Understanding Girl Bullying and What to Do About It

Understanding Girl Bullying and What to Do About It
Strategies to Help Heal the Divide
Early Childhood
Elementary
Middle School
High School
7x10
Pages: 
152
ISBN: 
978-1-41296-488-3
Item Number:
8498
List price:$28.99
Price:$17.39
You save:$11.60 (40%)
Understanding Girl Bullying and What to Do About It: Strategies to Help Heal the Divide

Overview

Girl bullying—also known as relational aggression—is a very real and pervasive problem in today's schools, and studies indicate that bullying between girls can be more covert than between boys, thus making it more difficult for school professionals to detect and address.

Primarily written for school counselors, Understanding Girl Bullying and What to Do About It covers the causes and characteristics of relational and social aggression and outlines methods for assessment, prevention, and intervention. The authors answer questions about what girl bullying is, why it happens, what it looks like, how to measure it, and what educators can do to help girls with these issues. The book provides:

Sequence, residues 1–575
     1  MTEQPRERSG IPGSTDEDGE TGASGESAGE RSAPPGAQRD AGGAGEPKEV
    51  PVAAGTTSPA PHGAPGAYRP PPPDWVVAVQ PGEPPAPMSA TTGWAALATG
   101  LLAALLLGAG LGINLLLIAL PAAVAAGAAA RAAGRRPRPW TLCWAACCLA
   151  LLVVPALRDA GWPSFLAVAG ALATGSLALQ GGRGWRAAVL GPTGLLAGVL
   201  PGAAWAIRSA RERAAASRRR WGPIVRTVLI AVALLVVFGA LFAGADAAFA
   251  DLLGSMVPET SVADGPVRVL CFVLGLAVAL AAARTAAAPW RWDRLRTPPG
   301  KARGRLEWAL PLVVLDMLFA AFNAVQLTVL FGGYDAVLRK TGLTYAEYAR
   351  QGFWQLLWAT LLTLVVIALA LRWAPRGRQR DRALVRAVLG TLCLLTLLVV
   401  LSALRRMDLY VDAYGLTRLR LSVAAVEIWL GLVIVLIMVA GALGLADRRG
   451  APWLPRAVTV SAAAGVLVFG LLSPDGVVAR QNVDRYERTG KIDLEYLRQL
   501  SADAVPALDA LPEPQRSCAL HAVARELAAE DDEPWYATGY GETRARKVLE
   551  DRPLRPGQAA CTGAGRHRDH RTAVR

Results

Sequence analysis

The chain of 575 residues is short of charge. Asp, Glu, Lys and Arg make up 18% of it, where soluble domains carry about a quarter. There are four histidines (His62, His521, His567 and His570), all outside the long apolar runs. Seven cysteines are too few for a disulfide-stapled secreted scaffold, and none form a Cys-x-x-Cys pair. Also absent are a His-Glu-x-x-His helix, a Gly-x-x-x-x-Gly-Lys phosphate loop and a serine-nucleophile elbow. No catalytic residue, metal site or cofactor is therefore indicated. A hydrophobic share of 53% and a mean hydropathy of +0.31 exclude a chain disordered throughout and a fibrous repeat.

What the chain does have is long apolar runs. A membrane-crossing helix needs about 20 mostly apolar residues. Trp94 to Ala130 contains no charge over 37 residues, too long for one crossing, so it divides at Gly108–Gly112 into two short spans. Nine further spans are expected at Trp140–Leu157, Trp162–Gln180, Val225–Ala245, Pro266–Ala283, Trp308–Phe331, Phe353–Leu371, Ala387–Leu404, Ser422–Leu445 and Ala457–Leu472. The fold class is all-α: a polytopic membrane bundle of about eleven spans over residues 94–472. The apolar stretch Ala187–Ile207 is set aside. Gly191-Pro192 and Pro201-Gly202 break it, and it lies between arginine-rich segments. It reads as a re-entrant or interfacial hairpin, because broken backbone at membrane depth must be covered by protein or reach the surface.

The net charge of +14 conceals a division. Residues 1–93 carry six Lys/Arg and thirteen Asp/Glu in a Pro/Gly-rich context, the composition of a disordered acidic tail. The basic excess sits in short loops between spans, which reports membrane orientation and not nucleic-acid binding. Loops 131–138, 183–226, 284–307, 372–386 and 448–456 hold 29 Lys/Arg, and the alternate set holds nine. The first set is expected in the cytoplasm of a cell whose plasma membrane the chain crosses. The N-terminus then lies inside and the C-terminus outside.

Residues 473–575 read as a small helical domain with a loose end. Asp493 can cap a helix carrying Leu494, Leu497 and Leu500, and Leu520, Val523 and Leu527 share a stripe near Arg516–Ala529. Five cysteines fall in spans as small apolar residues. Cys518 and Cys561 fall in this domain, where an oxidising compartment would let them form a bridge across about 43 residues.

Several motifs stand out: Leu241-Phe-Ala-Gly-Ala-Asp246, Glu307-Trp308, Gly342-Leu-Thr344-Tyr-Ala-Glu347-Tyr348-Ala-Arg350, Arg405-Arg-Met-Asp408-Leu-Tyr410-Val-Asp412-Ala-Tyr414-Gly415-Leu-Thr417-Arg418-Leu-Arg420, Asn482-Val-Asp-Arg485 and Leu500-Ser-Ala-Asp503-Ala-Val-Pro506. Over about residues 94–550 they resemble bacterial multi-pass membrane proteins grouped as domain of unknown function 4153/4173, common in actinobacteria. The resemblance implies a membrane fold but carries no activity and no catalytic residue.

• School-based interventions to help students learn alternative, healthy ways of managing conflict
  • Sample forms and checklists for documenting and addressing incidents of girl bullying
  • An original 10-session curriculum for small groups
  • Information on classroom dynamics, bullying, and cyberbullying
  • Specific suggestions for working with parents and teachers

Understanding Girl Bullying and What to Do About It helps professionals heal the divide between girls by giving them the tools to work through their problems thoughtfully and constructively.

Reader Comments

"A useful tool for school counselors that outlines the root causes of girl bullying. It provides examples of ways to assess relational aggression in schools, as well as possible interventions."

—Jennifer Betters, School Counselor
Sugar Creek Elementary School, Verona, WI

"This is a well-researched book that integrates theory and research with applications."

—Carol Dahir, Associate Professor of Counselor Education
New York Institute of Technology